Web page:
CRN Projects

Nanomaterials for Cell-based Therapies in Parkinson's Disease

Principal Investigator:
Samuel I. Stupp
Neural stem cells (green, nestin staining) derived from the ventral midbrain region are in the process of undergoing astrocytic differentiation (red, GFAP staining) with many at an intermediate stage.
Image: Shantanu Sur

Parkinson's disease (PD) is the second most prevalent neurodegenerative disease with approximately one million people suffering from the ailment in the United States. PD results from the progressive loss of dopaminergic (DA) neurons from a region of the brain called the substantia nigra, leading to motor and cognitive impairment and severely disrupting the quality of life. It has long been believed that the damage is irreversible, and that the only practical form of treatment lies in symptomatic relief via maintenance of dopamine levels in the striatum, the region of the brain affected most from the DA neuron loss, through external administration.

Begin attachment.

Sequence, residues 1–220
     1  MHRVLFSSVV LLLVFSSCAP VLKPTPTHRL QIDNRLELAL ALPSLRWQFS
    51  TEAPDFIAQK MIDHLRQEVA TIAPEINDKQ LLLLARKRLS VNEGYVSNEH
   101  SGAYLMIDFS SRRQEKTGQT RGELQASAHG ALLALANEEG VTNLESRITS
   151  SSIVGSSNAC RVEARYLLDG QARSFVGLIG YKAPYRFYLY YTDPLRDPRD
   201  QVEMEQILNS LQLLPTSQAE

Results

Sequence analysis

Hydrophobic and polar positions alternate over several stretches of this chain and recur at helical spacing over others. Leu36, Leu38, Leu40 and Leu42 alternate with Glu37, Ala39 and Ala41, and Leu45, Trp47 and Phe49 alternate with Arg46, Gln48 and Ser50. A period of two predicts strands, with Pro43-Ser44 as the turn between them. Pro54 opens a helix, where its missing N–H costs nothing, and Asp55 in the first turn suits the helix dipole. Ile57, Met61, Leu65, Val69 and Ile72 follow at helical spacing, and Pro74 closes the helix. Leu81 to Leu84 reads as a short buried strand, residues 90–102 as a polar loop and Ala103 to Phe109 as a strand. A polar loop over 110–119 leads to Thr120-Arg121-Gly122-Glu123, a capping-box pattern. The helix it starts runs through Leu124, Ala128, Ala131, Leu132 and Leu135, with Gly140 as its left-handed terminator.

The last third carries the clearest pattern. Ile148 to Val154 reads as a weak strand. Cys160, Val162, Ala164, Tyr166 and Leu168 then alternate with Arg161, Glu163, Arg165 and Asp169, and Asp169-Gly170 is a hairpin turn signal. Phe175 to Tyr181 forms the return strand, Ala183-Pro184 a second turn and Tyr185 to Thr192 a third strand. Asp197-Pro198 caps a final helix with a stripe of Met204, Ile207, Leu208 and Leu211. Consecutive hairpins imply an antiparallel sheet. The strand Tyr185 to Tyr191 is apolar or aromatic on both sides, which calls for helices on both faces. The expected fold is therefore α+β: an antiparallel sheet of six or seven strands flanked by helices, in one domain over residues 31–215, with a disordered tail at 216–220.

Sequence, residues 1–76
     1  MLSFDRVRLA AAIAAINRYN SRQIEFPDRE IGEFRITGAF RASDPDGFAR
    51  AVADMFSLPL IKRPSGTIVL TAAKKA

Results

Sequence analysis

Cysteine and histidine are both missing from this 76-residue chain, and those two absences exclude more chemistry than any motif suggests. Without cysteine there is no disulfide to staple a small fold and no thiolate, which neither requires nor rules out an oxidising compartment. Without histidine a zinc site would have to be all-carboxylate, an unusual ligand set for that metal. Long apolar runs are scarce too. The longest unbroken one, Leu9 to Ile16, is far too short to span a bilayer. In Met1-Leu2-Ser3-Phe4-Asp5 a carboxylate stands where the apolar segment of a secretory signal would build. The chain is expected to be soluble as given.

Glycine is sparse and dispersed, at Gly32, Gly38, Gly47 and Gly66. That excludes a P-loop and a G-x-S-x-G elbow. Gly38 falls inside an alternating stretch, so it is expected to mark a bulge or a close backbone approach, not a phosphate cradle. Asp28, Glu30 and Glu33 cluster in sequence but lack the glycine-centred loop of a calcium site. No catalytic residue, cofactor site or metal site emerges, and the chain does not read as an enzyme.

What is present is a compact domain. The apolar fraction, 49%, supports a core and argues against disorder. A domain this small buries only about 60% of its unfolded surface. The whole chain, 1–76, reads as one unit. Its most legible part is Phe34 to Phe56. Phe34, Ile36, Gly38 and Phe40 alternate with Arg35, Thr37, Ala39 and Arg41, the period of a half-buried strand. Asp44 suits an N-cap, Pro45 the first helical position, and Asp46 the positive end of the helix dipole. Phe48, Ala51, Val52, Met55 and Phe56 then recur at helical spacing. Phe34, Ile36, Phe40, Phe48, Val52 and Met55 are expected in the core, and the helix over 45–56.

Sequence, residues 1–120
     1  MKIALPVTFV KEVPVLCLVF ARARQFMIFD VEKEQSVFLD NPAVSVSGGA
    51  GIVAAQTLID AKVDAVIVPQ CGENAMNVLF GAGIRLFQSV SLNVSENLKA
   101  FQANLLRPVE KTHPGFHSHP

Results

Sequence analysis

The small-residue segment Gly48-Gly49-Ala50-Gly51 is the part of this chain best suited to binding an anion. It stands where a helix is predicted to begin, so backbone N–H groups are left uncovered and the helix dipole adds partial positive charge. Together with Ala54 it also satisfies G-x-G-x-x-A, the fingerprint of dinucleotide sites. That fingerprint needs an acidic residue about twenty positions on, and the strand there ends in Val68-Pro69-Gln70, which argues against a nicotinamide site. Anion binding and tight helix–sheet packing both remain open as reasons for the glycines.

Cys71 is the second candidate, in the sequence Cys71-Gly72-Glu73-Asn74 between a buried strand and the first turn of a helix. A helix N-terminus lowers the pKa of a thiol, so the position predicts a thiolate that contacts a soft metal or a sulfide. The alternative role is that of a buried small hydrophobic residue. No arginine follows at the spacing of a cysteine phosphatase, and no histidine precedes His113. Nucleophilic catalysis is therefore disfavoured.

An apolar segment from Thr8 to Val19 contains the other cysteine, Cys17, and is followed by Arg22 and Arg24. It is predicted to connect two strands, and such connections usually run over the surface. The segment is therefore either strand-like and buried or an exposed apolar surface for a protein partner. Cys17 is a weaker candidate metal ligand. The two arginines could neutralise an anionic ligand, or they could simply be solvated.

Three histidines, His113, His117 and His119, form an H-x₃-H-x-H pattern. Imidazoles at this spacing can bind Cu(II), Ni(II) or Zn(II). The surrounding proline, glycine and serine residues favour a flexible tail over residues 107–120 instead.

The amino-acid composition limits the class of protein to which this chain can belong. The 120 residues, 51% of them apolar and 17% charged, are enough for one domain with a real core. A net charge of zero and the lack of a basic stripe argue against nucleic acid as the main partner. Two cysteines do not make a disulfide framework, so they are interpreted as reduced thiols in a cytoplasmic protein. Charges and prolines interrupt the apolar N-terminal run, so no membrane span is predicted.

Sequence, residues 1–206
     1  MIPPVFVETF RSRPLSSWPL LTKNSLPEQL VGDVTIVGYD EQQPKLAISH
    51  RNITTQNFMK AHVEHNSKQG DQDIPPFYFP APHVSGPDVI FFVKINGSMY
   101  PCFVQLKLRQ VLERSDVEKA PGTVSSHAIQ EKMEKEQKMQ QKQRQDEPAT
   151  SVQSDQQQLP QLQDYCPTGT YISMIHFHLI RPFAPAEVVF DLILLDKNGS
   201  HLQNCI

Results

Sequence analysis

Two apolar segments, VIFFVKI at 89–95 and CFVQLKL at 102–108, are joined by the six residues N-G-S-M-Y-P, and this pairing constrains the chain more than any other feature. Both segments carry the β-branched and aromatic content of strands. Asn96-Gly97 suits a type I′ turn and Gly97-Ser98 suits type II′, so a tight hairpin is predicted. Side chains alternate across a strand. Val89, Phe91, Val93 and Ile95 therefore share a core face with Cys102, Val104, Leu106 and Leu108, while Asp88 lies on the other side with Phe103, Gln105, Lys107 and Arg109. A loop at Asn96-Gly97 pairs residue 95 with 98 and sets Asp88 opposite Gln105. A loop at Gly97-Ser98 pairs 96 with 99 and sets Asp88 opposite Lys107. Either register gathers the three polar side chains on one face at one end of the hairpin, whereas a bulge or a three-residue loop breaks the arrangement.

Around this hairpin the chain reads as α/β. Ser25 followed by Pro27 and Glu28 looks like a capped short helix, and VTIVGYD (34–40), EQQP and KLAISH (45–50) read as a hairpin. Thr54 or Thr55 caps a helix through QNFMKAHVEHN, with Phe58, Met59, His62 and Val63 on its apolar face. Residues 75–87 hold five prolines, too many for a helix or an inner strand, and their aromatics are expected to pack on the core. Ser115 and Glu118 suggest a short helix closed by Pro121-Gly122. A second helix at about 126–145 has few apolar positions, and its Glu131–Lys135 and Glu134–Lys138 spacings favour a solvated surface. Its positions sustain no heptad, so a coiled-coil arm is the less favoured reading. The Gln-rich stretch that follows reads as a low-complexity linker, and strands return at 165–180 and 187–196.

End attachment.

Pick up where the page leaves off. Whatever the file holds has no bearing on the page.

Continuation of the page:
Catalyst Project researchers Faifan Tantakitti (left), PhD candidate, Shantanu Sur, postdoctoral fellow, and Principal Investigator Samuel Stupp.However, exciting new developments in Parkinson’s research show great promise. One encouraging approach aims to permanently replenish dopamine in the striatum by implanting functional DA neurons derived from stem cells. However, major obstacles in implementing such a strategy include the high degree of cell loss that occurs during transplantation and the risk of tumor development from undifferentiated stem cells (since a large proportion of implanted cells fail to differentiate into neurons).

In this CRN Catalyst Project, the Stupp lab aims to develop an artificial extracellular matrix composed of peptide amphiphile (PA) nanofibers. The extracellular matrix will be tailored with appropriate biophysical properties and biochemical cues to promote efficient differentiation and maturation of the transplanted cells. In addition, the PA matrix will encapsulate the cells, providing physical support during the implantation process and thus reducing cell death from injury. The newly designed materials will first be tested in vitro using neuron and stem cell culture, followed by experiments in vivo using a mouse model of PD.

Principal Investigator

Samuel I. Stupp

Materials Science & Engineering, McCormick School of Engineering and Applied Science
Chemistry, Weinberg College of Arts & Sciences
Medicine, Feinberg School of Medicine

CRN catalyzes new research in regenerative medicine using nanotechnology strategies.